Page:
"But I jumped up, pulled away and turned around quickly enough to see this long thing, about 10 inches (25 centimetres) out of the toilet, just receding back down into the bowl".
She peeked into the toilet and thanks to her experience growing up on a farm in Queensland, identified her assailant as a non-venomous carpet python.
The non-venomous carpet python was spooked by the woman sitting down above it and simply "lashed out in fear", according to the reptile experts.
She subsequently called out snake catchers to retrieve the snake from her toilet.
Ms Zeleny said Ms Richards had treated the minor bite marks with an antiseptic, describing carpet pythons as relatively harmless.
From there, Richards contacted a snake catcher for assistance, and handler Jasmine Zelený arrived on the scene.
The post said: "She went into the bathroom to go to the toilet, but did not turn the light on".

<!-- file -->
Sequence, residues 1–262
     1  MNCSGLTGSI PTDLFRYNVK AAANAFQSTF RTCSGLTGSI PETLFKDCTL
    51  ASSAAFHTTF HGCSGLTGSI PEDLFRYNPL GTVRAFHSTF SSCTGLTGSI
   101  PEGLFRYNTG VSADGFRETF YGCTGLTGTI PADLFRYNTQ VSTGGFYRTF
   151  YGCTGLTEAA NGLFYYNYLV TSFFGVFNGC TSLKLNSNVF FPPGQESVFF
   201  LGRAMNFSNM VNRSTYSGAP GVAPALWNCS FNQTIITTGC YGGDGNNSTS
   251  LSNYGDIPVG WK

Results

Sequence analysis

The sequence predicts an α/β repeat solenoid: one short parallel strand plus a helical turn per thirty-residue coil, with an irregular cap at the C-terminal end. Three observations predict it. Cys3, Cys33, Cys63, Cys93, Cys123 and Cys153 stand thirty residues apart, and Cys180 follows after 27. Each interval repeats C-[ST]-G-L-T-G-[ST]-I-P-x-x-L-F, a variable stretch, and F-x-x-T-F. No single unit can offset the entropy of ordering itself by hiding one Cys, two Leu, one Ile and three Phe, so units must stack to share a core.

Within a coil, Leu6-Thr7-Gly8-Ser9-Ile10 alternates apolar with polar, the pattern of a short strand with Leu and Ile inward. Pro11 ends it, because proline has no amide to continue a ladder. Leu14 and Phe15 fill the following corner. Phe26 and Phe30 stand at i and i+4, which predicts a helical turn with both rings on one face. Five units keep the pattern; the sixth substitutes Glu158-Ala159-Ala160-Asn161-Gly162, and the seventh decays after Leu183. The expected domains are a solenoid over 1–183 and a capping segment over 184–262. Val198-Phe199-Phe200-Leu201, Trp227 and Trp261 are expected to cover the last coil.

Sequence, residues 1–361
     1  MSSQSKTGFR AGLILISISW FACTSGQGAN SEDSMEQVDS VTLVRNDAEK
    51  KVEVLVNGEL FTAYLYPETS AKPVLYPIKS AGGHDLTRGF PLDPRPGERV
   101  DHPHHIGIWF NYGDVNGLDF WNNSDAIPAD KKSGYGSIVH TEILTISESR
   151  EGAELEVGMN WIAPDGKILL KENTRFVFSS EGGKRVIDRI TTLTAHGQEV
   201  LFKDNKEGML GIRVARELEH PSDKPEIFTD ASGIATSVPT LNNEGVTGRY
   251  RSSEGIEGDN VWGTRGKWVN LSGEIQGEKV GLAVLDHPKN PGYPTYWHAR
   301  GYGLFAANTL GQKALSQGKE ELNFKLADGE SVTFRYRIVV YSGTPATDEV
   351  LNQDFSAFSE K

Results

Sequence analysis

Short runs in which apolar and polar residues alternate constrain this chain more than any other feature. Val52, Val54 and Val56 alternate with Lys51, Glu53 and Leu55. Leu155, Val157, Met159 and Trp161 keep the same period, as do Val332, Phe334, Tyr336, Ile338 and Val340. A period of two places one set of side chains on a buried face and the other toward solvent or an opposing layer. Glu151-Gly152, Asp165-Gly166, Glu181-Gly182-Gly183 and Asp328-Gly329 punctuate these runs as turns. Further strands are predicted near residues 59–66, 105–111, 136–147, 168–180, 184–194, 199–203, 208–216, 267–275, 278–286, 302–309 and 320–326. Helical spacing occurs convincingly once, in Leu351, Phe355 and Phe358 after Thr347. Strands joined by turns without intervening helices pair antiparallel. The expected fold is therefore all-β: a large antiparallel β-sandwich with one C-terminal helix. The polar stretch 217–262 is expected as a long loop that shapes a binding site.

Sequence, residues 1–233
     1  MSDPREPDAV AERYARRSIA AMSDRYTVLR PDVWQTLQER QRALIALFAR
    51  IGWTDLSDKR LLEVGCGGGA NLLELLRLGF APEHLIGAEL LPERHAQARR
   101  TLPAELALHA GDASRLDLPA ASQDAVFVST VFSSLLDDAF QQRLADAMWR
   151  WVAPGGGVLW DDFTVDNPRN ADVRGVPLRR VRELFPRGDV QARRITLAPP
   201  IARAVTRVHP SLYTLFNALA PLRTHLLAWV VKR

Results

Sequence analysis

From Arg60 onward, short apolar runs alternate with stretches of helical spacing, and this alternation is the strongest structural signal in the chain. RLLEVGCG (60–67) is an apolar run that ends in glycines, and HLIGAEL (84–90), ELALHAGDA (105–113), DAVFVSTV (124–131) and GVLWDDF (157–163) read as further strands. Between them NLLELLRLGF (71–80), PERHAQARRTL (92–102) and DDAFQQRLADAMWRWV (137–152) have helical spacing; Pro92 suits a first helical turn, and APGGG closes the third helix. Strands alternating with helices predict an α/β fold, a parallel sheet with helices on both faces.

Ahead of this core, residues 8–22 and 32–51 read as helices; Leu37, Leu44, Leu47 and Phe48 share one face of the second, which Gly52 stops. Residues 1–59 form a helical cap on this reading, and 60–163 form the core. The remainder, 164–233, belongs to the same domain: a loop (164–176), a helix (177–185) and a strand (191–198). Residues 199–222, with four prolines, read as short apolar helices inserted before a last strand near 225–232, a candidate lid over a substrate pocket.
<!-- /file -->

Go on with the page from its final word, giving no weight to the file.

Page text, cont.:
"The snake was safely removed and relocated, and the customer handled the situation like an absolute champ, having a sense of humour about it the entire time". "However, being bitten on the behind by a Carpet Python in the toilet is certainly not a regular occurrence, and it was the first time we have turned up to an incident of this kind".
The "Snake Catchers of Brisbane" posted about the event on their Facebook page.
Jasmine Zeleny captured the snake and said the reptiles often hang out in toilets on hot days to keep cool, but that she hadn't attended an incident where someone had been bitten on the loo before.
"Don't poke and prod it, don't continue to flush the toilet".
"Put the lid down, secure it, and call a snake catcher", they wrote.